I am pretty much as far removed as I can be from a group of authors that have come under fire in recent months for seeming to rally around one of their own. The person at the center is facing serious allegations, and many including me have been disappointed and disheartened by how the others in this little tribe have responded. Some have issued statements of support, others have fallen over themselves to promote the accused's latest book, and still others have fallen silent in the face of new evidence supporting the accuser's claim.
The internet is a strange place when it comes to this stuff, because here we deal in personas and narratives more than 3D people in all their nuances, hangups, motivations, and hesitancies. There has been enough offered that I am inclined to side with the accuser, but I have to remind myself that there is so much more to the story that I will never be privileged to know. But I am content to bid farewell to the accused, because I had a mixed relationship at best with this person's work and am fine with never reading or supporting what he does ever again.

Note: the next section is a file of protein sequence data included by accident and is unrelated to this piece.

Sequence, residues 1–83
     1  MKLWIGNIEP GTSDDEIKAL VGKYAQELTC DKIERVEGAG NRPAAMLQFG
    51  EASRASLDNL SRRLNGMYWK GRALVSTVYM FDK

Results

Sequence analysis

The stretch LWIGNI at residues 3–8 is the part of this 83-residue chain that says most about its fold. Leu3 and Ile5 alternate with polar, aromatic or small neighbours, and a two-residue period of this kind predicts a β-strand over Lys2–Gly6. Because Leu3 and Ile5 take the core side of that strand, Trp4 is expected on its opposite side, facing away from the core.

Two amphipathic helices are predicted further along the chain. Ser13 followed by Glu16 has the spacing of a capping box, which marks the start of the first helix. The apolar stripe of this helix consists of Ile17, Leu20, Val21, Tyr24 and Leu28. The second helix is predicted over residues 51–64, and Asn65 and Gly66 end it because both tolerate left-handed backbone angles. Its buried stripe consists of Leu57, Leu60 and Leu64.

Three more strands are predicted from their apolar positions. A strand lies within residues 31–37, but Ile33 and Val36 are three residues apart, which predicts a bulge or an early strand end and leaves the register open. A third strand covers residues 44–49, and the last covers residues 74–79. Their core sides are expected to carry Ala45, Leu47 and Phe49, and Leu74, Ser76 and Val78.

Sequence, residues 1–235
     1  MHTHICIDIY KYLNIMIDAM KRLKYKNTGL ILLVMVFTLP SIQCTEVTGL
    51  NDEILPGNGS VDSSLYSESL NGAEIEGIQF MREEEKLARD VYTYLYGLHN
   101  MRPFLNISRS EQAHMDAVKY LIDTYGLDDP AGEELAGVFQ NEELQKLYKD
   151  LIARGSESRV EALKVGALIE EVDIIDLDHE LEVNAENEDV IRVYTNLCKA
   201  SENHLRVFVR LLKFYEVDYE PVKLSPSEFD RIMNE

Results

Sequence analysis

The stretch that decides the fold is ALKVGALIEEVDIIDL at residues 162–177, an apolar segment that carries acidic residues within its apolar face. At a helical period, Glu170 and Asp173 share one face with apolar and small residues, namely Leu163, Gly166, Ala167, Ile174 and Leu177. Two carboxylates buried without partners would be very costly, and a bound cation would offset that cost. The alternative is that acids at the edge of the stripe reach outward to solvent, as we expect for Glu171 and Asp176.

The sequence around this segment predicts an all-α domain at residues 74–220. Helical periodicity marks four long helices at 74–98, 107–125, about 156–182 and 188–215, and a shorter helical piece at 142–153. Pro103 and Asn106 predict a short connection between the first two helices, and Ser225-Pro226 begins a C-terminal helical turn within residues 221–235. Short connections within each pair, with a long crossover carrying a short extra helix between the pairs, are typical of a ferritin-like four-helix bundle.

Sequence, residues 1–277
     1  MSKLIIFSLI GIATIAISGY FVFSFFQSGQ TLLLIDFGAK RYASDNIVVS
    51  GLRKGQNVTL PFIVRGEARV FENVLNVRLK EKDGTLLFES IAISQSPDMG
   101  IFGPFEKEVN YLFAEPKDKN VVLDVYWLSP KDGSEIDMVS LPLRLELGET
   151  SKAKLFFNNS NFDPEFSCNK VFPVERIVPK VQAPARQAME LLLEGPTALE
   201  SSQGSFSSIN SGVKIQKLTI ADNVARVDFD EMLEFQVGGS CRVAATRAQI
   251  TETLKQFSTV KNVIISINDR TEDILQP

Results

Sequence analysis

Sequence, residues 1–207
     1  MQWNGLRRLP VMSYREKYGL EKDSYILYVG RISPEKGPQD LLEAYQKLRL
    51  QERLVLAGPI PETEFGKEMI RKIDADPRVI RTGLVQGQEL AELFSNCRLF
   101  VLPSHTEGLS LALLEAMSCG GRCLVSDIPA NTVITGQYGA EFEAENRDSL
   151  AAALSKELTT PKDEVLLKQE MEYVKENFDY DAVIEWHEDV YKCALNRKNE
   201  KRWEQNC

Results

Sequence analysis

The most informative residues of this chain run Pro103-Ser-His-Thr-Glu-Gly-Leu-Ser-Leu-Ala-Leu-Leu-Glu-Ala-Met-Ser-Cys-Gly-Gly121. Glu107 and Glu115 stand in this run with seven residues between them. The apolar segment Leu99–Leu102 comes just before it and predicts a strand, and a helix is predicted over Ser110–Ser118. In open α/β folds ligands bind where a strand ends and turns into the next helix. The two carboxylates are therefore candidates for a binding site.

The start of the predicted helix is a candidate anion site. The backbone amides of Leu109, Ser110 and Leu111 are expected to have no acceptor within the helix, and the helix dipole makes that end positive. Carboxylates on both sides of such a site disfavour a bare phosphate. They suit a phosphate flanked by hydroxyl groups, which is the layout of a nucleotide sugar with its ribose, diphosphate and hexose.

Several of the supporting players, however, have caused me to be much more reflective, because I really don't want to give up what they offer to the church. Their writing has impacted me over the years and I know many who greatly value their voices. It is easy to dismiss their reactions to this as protecting their own brand, but I think about these imperfect humans who perhaps have wrestled and are still wrestling with this situation, who maybe have handled this in ways more personal than public, who perhaps are still weighing decisions alongside a bevy of emotions swirling within them.